Blog Essay Class 12

Like Krotz, I perceive mediatization as something that society has been moving towards and even unconsciously striving for since the very beginning.  As technology advances we seem to always find a way to use it as a means for acquiring more knowledge to help us shape our perceived reality.  Before we had a medium other than face-to-face communication people were only concerned with feeding themselves, finding a safe place to sleep, and procreation, and storytelling was the only way that people developed any sense of what life was like outside of the cave.  So it was only through each other that we learned about our similarities and differences as a species.  Mediatization is tied to our insatiable curiosity about the world we live in, and ever since we started inventing we’ve been trying to create more and more efficient ways of finding out what exists beyond what we can see and comprehend in our immediate environment.

I like Hernes’ phrase “media-twisted society.” Once there was just person-to-person socializing.  Then we got a hold of written language and suddenly there was a means to go further for knowledge as well as a means to control one another.  Thus, society became forever changed by these new forms of communication and knowledge dissemination.  Which brings us to today, where we exist in a world “of information abundance which has rendered attention a strategic resource.”  We’ve recently even figured out a way to mediatize our personal lives by putting our every thought and movement online via Facebook and Twitter.  For some, it seems that using media to inform their reality is not enough.  Instead, they want to inject themselves into the mediasphere so that reality will perceive them as well.  This is how we’ve arrived at a state where competing realities are showing us all how little we actually know and creating conflict between those who want to find a “truth” and those that want only to confirm that they’ve been right all along.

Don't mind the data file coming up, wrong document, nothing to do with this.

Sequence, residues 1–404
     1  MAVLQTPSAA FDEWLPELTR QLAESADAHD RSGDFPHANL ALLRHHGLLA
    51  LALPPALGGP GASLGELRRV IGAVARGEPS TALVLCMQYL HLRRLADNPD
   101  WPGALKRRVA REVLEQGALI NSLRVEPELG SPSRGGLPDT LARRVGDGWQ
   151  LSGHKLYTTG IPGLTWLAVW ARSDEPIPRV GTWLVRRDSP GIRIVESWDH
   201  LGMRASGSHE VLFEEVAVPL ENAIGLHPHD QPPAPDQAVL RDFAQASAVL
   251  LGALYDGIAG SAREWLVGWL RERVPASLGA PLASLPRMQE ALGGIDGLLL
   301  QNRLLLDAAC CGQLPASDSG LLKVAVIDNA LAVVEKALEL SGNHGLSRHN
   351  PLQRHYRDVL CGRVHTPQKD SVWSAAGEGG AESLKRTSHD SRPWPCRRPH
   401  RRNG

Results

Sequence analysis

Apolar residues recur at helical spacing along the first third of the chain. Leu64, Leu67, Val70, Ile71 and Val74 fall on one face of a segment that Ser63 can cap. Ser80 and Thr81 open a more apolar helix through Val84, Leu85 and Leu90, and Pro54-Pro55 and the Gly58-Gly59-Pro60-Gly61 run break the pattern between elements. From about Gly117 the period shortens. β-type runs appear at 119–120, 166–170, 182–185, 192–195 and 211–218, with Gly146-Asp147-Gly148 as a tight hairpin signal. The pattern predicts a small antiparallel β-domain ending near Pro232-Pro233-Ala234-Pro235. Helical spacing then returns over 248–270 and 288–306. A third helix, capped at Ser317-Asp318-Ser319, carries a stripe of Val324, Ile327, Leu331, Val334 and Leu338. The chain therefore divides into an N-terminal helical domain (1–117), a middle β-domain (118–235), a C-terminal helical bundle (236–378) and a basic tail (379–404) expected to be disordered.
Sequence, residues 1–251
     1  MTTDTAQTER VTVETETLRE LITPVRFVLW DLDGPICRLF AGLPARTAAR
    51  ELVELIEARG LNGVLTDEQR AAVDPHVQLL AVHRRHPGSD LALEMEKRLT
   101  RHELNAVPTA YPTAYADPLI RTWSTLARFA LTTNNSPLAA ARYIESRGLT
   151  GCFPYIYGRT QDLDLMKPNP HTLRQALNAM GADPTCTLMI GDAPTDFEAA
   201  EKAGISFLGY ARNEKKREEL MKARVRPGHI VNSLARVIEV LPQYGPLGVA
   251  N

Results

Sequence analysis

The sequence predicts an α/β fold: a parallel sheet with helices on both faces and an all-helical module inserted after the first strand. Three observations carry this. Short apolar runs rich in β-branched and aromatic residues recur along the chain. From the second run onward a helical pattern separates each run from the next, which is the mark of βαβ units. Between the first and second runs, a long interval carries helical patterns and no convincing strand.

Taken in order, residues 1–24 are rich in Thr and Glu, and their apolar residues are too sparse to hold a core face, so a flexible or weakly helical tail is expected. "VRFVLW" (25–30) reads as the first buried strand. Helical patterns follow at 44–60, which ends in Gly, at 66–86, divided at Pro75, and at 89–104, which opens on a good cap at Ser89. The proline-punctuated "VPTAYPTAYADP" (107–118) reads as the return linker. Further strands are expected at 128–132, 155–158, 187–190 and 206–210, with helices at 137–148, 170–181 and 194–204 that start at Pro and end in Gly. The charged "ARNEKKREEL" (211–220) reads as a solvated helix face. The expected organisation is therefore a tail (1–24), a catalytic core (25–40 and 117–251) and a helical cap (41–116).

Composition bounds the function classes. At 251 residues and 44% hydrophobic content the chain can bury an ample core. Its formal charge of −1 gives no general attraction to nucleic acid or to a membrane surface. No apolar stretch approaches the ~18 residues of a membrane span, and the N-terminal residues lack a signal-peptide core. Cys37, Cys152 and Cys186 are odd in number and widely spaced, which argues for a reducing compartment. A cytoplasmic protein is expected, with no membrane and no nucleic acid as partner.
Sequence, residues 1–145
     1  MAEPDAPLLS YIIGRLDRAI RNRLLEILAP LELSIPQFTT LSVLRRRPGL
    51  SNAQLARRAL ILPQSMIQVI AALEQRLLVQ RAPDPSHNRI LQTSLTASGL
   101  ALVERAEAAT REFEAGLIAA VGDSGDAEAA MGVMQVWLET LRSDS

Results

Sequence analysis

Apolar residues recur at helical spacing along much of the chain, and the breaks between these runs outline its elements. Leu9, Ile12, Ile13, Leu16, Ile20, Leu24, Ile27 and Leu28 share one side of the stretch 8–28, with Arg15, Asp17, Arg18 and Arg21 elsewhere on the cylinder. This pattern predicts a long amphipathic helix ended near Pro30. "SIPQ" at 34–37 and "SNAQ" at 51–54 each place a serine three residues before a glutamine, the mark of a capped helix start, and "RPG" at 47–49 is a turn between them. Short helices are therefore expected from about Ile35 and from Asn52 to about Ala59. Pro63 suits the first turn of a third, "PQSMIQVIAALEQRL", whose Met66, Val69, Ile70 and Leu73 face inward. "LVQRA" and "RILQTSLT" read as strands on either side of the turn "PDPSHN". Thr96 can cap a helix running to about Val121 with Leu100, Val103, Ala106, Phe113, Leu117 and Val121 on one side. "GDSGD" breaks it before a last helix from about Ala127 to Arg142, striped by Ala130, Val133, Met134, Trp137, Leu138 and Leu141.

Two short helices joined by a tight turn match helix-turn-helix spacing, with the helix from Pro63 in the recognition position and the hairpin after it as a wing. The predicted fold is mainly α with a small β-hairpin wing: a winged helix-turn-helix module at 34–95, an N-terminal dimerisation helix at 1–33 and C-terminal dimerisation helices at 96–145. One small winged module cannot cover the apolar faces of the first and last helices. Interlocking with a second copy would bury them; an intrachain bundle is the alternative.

Now we’ve developed such advanced means for creating our realities that we’re in a time of flux where the old power structure is breaking down and everyone has the power to seek information from almost anywhere without being constrained by which messages the elites want us to use.  As Picard points out, no longer are content production companies the top dogs.  Instead, it is the companies that give us access to the abundant forms of electronic media like Apple, Microsoft, or Verizon that are in the lead, and we the consumers are able to look for ourselves and even shout our own messages out to others.  However, the majority of us do not employ this power to become informed, activated societal agents.  Most of us would rather use it to entertain away our problems and the problems plaguing society.

We’ve vastly improved our capabilities “for gathering and disseminating news and information [as well as] facilitating public discussion” (Picard, pg. 378), but it seems to me that, in America especially, there is an ever growing apathy for democratic participation or unification around social causes.  How is it that in an environment with access to infinite amounts of information about almost anything from almost anywhere, we, in America at least, have become so self-centered?  I think that mediatization has overwhelmed us to such a degree that we just don’t have the attention to spare for the things that have the potential to upset us.  Additionally, I see so many young people communicating primarily via text and other technologically mediated ways that it makes me wonder if they are missing out on learning how to effectively communicate person to person.  This could significantly change the face of societies around the world and not for the better.

DQ:  Do you see mediatization as a problem for future generations?  Is it possible that communication will become so mediated that people will lose the ability to communicate effectively face-to-face?

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Analyze This Class 11

I think that we could potentially equate 18th century coffee shop public spheres with virtual public spheres made possible by online discussion platforms, however, this is only possible for online forums which are set up specifically for discussions of certain topics.  I don’t believe that comments sections on news sites count as public spheres because I don’t believe that online consumers pay that much attention to the comments below articles they read.  I think that individuals who are active participants in media and seek out places to discuss news and politics are able to find and form discourse communities that have strong ties where actual debate takes place.  The pitfalls of online spheres are anonymity and choice. These lead people to say things and become combative in a way that they would not do in a face to face discussion like in a coffee shop, and it allows them to only choose platforms where their views will be confirmed.

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Blog Essay Class 11